Psychological Orders: The Phenomenological Aspect Of The Mind (Essay Sample)

These are suggested paper topics for your final paper. Some of these include more than one question; you are not required to address all of the questions listed under a particular topic. Use the book “The Conscious Mind
Book by David Chalmers” as your source of this interesting topics. I’ve suggested a bunch here, and I may suggest more after we’ve discussed more of the book. In any case, you may wish to write on something other than one of my suggested topics. If you do wish to do so, talk to me about the topic you wish to write on. Also, if you plan to write on question 11, let me know. The papers are to be approximately 1750-2200 words, double-spaced (with normal font size and normal margins). Check your papers for spelling and grammar. Remember to adequately characterize the position you are addressing, and to give and argue for your own views. The papers are due by 7 PM on December 19. Email the paper to me as a Word document. Use the subject line “my philosophy paper” without the quotation marks.
1. Are materialists committed to the logical impossibility of zombies?
2. Are zombies logically possible? Is the “just-so” story Chalmers tells about the presence of consciousness compatible with the possibility of zombies? Suppose zombies are not logically possible, do Chalmers’ other arguments in favor of the impossibility of a reductive explanation of consciousness still give adequate support for his conclusion.
3. When Chalmers attempts to set up a theory of consciousness he puts his dualism to the side. Is a scientific study of consciousness compatible with Naturalistic Dualism?
4. Chalmers vacillates between two accounts of consciousness: (1) Consciousness naturally (or nomologically) supervenes on the physical, but it does not logically supervene on the physical, or (2) Consciousness doesn’t naturally supervene on the physical, but instead requires the presence of additional non-physical (phenomenological) properties. Which of these views is his considered view? Which of these views should be his view?
5. Is consciousness ubiquitous? If so, are we (as opposed to our cells) conscious?
6. What is the phenomenological aspect of the mind? Can it be distinguished from the psychological?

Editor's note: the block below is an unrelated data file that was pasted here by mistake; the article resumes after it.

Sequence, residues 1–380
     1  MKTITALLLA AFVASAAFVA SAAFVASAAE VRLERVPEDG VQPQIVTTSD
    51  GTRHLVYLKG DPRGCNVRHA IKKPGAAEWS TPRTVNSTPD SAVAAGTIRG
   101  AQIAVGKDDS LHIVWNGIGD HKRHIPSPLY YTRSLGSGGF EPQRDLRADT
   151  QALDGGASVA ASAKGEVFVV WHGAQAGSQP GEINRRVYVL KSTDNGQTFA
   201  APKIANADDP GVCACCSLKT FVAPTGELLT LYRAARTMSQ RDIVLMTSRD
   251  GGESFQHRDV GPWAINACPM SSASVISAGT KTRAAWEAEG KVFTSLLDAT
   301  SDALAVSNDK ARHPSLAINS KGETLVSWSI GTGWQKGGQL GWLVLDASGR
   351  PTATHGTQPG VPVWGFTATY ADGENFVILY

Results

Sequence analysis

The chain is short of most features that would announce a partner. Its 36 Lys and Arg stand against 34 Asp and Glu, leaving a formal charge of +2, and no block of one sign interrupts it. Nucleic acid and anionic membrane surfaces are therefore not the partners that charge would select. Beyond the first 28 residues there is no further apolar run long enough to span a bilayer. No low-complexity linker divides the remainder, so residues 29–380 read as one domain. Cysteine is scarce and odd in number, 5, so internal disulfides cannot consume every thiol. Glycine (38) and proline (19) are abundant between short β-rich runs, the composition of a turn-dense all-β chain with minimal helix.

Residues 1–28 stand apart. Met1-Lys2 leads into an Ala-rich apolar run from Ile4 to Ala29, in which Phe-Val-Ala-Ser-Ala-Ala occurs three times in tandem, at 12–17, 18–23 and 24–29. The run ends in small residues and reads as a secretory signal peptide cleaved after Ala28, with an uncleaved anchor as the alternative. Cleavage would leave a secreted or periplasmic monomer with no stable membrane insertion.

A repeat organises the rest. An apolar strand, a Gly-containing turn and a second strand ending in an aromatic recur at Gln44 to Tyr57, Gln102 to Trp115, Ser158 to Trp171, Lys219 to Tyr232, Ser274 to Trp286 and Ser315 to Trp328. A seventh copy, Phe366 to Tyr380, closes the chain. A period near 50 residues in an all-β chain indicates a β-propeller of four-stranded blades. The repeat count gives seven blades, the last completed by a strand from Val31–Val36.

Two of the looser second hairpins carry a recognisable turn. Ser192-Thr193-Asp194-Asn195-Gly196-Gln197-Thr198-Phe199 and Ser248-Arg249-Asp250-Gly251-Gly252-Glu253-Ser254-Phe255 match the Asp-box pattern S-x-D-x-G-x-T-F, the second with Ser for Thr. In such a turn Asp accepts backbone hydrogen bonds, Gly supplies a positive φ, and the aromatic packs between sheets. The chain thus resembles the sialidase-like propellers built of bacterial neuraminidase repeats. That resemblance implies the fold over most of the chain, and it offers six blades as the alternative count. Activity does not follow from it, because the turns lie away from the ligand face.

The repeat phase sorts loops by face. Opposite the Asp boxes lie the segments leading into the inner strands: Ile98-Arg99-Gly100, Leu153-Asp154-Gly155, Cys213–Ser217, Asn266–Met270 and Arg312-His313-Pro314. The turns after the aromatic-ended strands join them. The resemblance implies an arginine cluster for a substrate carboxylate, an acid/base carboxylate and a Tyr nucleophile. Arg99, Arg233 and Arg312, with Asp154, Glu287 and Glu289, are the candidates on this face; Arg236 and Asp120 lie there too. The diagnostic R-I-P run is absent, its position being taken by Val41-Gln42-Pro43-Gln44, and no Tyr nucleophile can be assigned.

7. Key to Chalmers’ argument for dualism is the claim that we cannot give a reductive explanation of the phenomenological (this is comparable to Levine’s explanatory gap). Is this correct? Is this a problem for materialists? Is reductive explanation the sort of explanation materialism is committed to give of any phenomenon? Is reductive explanation the right sense of reduction?
8. Chalmers notes that his arguments have the consequence that our knowledge about our phenomenological states is not caused by those states. This, he says, may cause discomfort, but it’s not fatal to his position. Is he right about this?
9. Is it possible that my beliefs about my experiences are really beliefs about your experiences?
10. Is consciousness better described as the ability to represent (think about) one’s experiences?
11. Pick one of the chapters we didn’t read and discuss (one of) the issues raised in that chapter.
12. Are Chalmers’ arguments for Strong AI and against Searle persuasive? How might Searle respond? Do they really show that AI is possible or simply that artificial brains are possible? (That is, do they show that we can create an artificially intelligent machine or simply that we can replicate a brain with other materials, but that the only way to generate a thinking machine is by copying the brain.)
13. Do the arguments Chalmers puts forward in favor of artificially conscious machines generalize to support the idea that there could be artificially intelligent machines? What’s the difference between the two?